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  • 2020 Translation Grant Program, Ministry of Culture, Republic of China (Taiwan)
    By Books from Taiwan
    Mar 31, 2020

    Books from Taiwan supports the translation of Taiwanese literature into foreign languages with the Translation Grant Program, administered by The Ministry of Culture of Taiwan. The grant is to encourage the publication of translations of Taiwan’s literature, including fiction, non-fiction, picture books and comics, and help Taiwan’s publishing industry to explore non-Chinese international markets.

     

    •    Applicant Eligibility: Foreign publishers (legal persons) legally registered in accordance with the laws and regulations of their respective countries.


    •    Conditions:

    1. Works translated shall be original, published works (for example, fiction, non-fiction, picture books, and comics but not anthologies) by Taiwanese writers (Republic of China nationals) in traditional Chinese characters.

    2. Priority is given to works to be translated and published for the first time in a non-Chinese language market.

    3. Applicants are not limited to submitting only one project for funding in each application year; however, an applicant may only receive funding for up to three projects in any given round of applications.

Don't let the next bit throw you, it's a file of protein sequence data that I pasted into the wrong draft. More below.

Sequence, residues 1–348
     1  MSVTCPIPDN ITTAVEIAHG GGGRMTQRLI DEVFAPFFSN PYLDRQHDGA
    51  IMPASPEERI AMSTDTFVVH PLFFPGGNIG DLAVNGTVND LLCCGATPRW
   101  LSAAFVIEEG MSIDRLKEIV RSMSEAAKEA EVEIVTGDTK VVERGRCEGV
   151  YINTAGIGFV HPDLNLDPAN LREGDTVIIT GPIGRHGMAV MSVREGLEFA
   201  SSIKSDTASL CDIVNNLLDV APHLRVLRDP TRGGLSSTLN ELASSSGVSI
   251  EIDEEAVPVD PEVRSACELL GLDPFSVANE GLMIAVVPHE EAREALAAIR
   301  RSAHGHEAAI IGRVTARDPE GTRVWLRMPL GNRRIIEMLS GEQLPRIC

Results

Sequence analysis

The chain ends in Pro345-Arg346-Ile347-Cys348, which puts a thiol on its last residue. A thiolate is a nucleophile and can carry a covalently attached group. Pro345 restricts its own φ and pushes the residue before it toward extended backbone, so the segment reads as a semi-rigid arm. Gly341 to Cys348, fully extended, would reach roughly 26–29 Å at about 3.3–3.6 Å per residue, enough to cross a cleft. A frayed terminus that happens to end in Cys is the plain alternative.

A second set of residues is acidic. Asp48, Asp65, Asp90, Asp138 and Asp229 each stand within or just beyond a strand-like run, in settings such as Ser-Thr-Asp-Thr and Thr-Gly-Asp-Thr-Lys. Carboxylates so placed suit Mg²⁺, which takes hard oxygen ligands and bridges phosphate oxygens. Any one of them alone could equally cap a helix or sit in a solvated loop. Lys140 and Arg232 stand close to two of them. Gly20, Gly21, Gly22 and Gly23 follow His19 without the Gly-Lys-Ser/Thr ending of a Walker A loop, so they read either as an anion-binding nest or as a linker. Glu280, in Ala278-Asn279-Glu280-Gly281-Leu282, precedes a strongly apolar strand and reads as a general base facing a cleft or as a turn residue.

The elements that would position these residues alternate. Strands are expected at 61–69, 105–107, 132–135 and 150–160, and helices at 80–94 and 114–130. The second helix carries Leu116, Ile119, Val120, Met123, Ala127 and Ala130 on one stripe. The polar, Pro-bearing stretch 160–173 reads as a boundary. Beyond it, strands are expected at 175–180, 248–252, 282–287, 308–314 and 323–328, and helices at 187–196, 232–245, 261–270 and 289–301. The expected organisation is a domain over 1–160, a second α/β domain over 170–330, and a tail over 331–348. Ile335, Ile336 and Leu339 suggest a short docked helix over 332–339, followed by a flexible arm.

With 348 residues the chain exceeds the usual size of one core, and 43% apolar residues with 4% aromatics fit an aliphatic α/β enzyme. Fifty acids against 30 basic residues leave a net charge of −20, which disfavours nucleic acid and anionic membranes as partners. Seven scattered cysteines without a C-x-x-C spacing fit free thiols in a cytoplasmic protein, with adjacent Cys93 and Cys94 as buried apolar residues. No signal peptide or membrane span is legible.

4. Projects receiving funding shall have already obtained authorization for translation, and be published within two years starting from the date of announcement of grant recipients (published before the end of October).

     

    •    Funding Items and Amount

    1. Funds may cover licensing fees going to the rights holder of the original work, translation fees, and promotional fees (limited to an economy-class airline ticket for authors who are citizens of the Republic of China traveling abroad to attend promotional activities), and book production fees.

    2. The maximum funding available for any given project is NT$600,000 (including income tax and remittance charges).

    3. Priority consideration will be given to those works that have not yet been published in a language other than Chinese, as well as winners of a Golden Tripod Award, Golden Comic Award, or Taiwan Literature Golden Award (list appended.)


    •    Application Period: Twice every year. The MOC reserves the right to change the application periods, and will announce said changes separately. The first application period for 2020 is April1 through April 30.


    •    Announcement of successful applications: Winners will be announced within three months of the end of the application period.